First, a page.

Relief may be in sight for the millions of Americans who suffer from ragweed allergy, commonly known as hay fever.
Ragwitek, which comes in a pill form, was approved by the U.S. Food and Drug Administration Thursday. It's made of ragweed pollen and helps the body become immune to it.
Patients take the first pill, which is placed under the tongue, in a health care professional’s office where the patient is to be observed for at least 30 minutes for potential adverse reactions. After the first dose, patients can take Ragwitek at home.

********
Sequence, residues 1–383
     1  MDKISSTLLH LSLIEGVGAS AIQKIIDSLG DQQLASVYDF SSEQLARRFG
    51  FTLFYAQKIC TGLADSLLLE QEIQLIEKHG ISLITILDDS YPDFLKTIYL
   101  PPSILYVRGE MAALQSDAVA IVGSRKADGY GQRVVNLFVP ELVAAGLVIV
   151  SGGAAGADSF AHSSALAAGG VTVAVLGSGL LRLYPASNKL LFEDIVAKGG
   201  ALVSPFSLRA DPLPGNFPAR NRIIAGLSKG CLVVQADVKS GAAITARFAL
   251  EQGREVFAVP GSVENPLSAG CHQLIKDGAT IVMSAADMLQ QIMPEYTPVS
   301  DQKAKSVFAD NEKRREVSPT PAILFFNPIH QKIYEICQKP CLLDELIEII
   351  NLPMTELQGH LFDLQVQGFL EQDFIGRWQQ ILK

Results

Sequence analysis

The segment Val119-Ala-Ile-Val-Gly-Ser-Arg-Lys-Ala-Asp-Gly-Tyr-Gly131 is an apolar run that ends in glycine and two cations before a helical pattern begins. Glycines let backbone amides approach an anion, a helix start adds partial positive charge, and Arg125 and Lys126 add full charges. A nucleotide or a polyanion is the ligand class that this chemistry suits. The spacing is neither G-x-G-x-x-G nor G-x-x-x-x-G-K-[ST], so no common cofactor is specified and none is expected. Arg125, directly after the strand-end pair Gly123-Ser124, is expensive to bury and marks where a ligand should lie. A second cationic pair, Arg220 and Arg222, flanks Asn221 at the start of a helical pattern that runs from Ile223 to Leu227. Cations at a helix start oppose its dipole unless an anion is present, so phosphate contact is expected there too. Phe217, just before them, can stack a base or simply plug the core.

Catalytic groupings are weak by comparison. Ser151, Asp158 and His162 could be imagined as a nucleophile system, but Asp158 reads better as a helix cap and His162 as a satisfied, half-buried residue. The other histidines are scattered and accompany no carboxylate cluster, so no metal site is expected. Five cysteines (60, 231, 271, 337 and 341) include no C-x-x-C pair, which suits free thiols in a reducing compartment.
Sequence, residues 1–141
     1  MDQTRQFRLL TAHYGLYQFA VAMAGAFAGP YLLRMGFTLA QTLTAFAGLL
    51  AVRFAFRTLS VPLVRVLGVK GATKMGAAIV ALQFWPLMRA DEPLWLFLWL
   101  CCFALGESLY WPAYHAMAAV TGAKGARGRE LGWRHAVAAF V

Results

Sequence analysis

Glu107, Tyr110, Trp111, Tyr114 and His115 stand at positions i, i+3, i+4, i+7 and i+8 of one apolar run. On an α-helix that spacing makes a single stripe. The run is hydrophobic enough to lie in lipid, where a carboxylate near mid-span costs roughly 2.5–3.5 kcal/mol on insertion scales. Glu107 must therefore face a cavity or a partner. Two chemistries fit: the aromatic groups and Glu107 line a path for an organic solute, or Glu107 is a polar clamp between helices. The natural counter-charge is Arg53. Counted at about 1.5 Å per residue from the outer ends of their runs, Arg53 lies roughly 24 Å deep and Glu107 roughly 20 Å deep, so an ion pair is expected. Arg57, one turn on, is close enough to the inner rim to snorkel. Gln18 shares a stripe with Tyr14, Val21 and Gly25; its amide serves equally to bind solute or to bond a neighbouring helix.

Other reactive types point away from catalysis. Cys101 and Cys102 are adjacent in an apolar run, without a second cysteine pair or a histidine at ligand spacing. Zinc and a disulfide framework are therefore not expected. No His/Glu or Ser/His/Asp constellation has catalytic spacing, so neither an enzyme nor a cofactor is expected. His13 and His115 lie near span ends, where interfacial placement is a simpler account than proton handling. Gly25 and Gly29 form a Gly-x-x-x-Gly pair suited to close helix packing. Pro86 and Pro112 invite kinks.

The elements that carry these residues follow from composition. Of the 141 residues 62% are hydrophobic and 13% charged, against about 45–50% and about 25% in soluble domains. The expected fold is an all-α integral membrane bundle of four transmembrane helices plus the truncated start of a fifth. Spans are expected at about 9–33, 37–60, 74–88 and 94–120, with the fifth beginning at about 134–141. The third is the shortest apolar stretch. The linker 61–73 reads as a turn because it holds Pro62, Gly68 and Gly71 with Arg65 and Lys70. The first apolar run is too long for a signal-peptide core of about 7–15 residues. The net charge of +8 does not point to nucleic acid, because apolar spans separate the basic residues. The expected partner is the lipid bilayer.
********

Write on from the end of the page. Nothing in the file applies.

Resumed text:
“The approval of Ragwitek offers millions of adults living with ragweed pollen allergies in the United States an alternative to allergy shots to help manage their disease,” said Karen Midthun, M.D., director of the FDA’s Center for Biologics Evaluation and Research.
People suffering from ragweed allergy suffer a runny nose, repetitive sneezing, nasal itching, nasal congestion and itchy and watery eyes.
Current treatments include a variety of nasal sprays, as well as shots specifically tailored to tame all of a patient's allergies.
According to the FDA, "During treatment for one ragweed pollen season, patients who received Ragwitek experienced approximately a 26 percent reduction in symptoms and the need for medications compared to those who received a placebo."